Email updates

Keep up to date with the latest news and content from BMC Neuroscience and BioMed Central.

Open Access Highly Accessed Research article

Neuroprotection with metformin and thymoquinone against ethanol-induced apoptotic neurodegeneration in prenatal rat cortical neurons

Ikram Ullah1, Najeeb Ullah12, Muhammad Imran Naseer13, Hae Young Lee1 and Myeong OK Kim1*

Author Affiliations

1 Department of Biology, College of Natural Sciences (RINS) and Applied Life Science (BK 21), Gyeongsang National University, Jinju, 660-701, Republic of Korea

2 Institute of Basic Medical Sciences, Khyber Medical University, Peshawar, Khyber Pakhtoonkhwa, Pakistan

3 Center of Excellence in Genomic Medicine (CEGMR), King Abdulaziz University, Jeddah, Saudi Arabia

For all author emails, please log on.

BMC Neuroscience 2012, 13:11  doi:10.1186/1471-2202-13-11

Published: 19 January 2012

Abstract

Background

Exposure to ethanol during early development triggers severe neuronal death by activating multiple stress pathways and causes neurological disorders, such as fetal alcohol effects or fetal alcohol syndrome. This study investigated the effect of ethanol on intracellular events that predispose developing neurons for apoptosis via calcium-mediated signaling. Although the underlying molecular mechanisms of ethanol neurotoxicity are not completely determined, mitochondrial dysfunction, altered calcium homeostasis and apoptosis-related proteins have been implicated in ethanol neurotoxicity. The present study was designed to evaluate the neuroprotective mechanisms of metformin (Met) and thymoquinone (TQ) during ethanol toxicity in rat prenatal cortical neurons at gestational day (GD) 17.5.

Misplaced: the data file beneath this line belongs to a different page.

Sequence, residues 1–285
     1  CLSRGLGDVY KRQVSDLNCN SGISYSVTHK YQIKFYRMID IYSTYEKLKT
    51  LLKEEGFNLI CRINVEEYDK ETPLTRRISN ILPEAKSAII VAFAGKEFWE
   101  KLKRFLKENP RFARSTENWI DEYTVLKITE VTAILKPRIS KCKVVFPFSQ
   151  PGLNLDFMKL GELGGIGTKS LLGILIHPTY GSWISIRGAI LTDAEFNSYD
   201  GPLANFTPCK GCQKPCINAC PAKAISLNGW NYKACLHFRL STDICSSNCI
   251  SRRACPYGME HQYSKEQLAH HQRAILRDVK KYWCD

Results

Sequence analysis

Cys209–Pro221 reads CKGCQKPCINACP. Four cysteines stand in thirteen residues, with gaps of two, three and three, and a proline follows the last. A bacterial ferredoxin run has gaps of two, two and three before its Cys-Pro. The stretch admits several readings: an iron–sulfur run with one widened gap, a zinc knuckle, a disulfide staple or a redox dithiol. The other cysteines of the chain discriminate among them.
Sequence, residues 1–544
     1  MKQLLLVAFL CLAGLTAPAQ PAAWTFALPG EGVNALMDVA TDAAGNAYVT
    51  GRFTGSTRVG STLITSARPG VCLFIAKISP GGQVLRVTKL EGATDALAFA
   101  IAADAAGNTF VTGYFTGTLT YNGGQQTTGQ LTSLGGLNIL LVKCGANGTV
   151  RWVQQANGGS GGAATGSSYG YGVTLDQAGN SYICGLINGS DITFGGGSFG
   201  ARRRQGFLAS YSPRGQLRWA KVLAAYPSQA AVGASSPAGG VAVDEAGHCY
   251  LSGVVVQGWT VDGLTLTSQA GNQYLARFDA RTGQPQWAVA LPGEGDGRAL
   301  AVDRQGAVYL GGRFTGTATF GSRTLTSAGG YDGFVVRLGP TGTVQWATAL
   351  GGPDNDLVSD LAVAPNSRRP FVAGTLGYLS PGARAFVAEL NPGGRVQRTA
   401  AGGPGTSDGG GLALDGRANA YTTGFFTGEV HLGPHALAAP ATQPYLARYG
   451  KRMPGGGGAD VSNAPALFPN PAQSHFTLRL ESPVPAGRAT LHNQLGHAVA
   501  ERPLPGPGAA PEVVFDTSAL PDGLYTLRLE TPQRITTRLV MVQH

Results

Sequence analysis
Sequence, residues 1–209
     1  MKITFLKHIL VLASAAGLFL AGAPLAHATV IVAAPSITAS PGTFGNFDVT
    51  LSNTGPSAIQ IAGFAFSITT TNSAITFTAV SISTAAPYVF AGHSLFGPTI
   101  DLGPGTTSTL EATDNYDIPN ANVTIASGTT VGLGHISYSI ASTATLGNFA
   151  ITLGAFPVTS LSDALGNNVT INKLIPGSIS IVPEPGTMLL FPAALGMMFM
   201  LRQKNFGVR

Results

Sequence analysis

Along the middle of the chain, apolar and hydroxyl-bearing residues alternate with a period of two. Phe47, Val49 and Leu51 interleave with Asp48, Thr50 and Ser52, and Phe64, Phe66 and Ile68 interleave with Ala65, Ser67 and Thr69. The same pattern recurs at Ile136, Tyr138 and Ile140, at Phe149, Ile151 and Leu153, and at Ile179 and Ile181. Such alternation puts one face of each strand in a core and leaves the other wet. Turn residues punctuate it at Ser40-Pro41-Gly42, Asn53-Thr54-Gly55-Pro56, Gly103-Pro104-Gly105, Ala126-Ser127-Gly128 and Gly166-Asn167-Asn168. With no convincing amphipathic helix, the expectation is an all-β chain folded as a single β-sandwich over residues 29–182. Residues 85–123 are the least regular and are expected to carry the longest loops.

Results

We found that Met and TQ, separately and synergistically, increased cell viability after ethanol (100 mM) exposure for 12 hours and attenuated the elevation of cytosolic free calcium [Ca2+]c. Furthermore, Met and TQ maintained normal physiological mitochondrial transmembrane potential (ΔψM), which is typically lowered by ethanol exposure. Increased cytosolic free [Ca2+]c and lowered mitochondrial transmembrane potential after ethanol exposure significantly decreased the expression of a key anti-apoptotic protein (Bcl-2), increased expression of Bax, and stimulated the release of cytochrome-c from mitochondria. Met and TQ treatment inhibited the apoptotic cascade by increasing Bcl-2 expression. These compounds also repressed the activation of caspase-9 and caspase-3 and reduced the cleavage of PARP-1. Morphological conformation of cell death was assessed by TUNEL, Fluoro-Jade-B, and PI staining. These staining methods demonstrated more cell death after ethanol treatment, while Met, TQ or Met plus TQ prevented ethanol-induced apoptotic cell death.

Conclusion

These findings suggested that Met and TQ are strong protective agents against ethanol-induced neuronal apoptosis in primary rat cortical neurons. The collective data demonstrated that Met and TQ have the potential to ameliorate ethanol neurotoxicity and revealed a possible protective target mechanism for the damaging effects of ethanol during early brain development.